I’m sure it fueled my imagination and love of science fiction, but I don’t think I could sit down and listen to the Star Wars soundtrack now. I might have a nervous breakdown or something!

Top track: Main Theme

November Life Round-up

I usually struggle in November because it comes with some difficult anniversaries. This year, I decided to just try and enjoy it for what it is.

I did pretty well socially. Work sent me to North Wales, which gave me the opportunity to visit some friends on the way back. We took our nephew to the museum for an afternoon and he had a great time. We also went to a party at the end of the month at the house of people we hardly know, so that was definitely an achievement for us.

Reading 

I only finished two books in November and they were both re-reads, Persuasion by Jane Austen and Sleeping Murder by Agatha Christie. I was motivated to read these after watching adaptations, Persuasion just because it’s wonderful and, along with Sense and Sensibility, is the Austen I like to read in the winter. I re-read Sleeping Murder with a view to actually writing a post about it, which I haven’t got around to doing yet.

Television 

I watched Anne of Green Gables (1985) and The Sequel (1987) for the first time and really enjoyed them. Anne of Green Gables isn’t really a “thing” in the UK, so I didn’t know much about it, but it was very important to my American partner.

I’m working my way through the Netflix re-imagining of The Haunting of Hill House. I think it’s brilliant, but it is f***ing with my head!

My chill-out watch has mostly been Chef’s Table, which has become more interesting now that the chefs have a bit more diversity. My favourite so far is the episode with Christina Martinez, an undocumented migrant who runs a traditional Mexican barbacoa restaurant in Philadelphia. It made me cry.  I really liked the one with Ana Ros, a self-taught Slovenian chef too.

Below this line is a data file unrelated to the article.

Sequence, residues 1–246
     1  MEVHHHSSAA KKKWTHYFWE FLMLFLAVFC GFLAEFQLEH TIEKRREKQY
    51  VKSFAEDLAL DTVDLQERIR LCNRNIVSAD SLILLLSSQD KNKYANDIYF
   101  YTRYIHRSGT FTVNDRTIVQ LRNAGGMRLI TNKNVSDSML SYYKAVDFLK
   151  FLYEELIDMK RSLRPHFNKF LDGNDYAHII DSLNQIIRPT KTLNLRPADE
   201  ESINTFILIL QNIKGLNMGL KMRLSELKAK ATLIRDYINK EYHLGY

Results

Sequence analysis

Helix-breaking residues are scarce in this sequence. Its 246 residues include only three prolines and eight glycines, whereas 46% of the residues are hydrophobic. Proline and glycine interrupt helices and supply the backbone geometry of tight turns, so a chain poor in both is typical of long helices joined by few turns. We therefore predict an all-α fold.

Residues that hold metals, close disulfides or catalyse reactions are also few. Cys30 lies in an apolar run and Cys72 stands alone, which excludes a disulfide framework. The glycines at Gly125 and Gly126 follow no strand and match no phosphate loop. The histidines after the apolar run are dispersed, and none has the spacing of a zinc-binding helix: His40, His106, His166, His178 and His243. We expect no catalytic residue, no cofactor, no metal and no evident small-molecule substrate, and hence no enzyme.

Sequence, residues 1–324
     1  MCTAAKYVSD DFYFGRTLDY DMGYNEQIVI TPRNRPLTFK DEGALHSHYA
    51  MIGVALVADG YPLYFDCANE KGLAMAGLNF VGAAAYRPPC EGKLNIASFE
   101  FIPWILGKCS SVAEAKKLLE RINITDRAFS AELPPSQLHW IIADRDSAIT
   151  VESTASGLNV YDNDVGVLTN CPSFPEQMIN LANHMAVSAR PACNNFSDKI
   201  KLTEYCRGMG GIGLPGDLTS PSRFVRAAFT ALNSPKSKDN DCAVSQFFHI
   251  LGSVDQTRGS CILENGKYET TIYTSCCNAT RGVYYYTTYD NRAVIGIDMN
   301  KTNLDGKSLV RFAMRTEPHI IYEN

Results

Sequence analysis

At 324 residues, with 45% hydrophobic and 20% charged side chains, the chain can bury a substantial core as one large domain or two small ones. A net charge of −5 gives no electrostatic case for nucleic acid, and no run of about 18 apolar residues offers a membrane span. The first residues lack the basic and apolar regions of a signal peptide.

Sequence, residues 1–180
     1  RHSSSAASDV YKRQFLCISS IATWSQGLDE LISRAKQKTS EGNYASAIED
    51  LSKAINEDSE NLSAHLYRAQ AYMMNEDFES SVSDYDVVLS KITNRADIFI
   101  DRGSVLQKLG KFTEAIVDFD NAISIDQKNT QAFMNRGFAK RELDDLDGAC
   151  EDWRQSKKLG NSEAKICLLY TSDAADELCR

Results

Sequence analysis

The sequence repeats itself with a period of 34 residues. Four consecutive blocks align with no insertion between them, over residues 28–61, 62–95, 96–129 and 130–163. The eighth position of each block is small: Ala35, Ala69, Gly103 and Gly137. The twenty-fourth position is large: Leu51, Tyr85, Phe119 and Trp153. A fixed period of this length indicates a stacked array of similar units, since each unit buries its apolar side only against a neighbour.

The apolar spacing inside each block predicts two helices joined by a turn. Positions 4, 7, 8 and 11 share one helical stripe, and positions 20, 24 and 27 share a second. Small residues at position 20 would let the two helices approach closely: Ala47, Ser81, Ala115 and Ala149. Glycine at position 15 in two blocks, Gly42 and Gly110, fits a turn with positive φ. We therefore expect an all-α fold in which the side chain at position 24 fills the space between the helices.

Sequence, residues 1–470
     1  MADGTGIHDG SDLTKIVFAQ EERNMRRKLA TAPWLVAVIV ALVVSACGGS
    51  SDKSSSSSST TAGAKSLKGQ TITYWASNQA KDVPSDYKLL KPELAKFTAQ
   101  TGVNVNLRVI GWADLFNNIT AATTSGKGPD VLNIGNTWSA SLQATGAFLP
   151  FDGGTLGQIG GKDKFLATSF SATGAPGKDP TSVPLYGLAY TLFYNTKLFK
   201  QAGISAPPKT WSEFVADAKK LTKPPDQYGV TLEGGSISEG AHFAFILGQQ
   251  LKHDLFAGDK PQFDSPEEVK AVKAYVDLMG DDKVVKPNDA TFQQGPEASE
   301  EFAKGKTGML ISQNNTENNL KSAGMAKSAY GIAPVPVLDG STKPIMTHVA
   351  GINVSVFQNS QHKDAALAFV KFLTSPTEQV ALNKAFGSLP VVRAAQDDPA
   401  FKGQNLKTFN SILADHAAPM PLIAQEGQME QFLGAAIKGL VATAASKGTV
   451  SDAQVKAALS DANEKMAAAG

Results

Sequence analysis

Film

We only watched one film and that was the 1995 adaptation of Persuasion. I didn’t really like this adaptation when I first saw it, but it’s grown on my over the years and is now one of my favourites. It has a different feel to other adaptations – slower and more realistic. The only thing I don’t like is the ending which has Anne and Wentworth kissing in the street as a circus goes past (why?) and then sees Wentworth demanding Anne’s hand in marriage in front of a room full of people (erm, no!).

Soundtrack to the Month 

Mostly Kristin Hersh!

Act Up Oral History Project

For World Aids Day on the 1st December, the Act Up Oral History Project 

A collection of interviews with surviving members of the AIDS Coalition to Unleash Power, New York.

The purpose of this project is to present comprehensive, complex, human, collective, and individual pictures of the people who have made up ACT UP/New York. These men and women of all races and classes have transformed entrenched cultural ideas about homosexuality, sexuality, illness, health care, civil rights, art, media, and the rights of patients. They have achieved concrete changes in medical and scientific research, insurance, law, health care delivery, graphic design, and introduced new and effective methods for political organizing. These interviews reveal what has motivated them to action and how they have organized complex endeavors. We hope that this information will de-mystify the process of making social change, remind us that change can be made, and help us understand how to do it.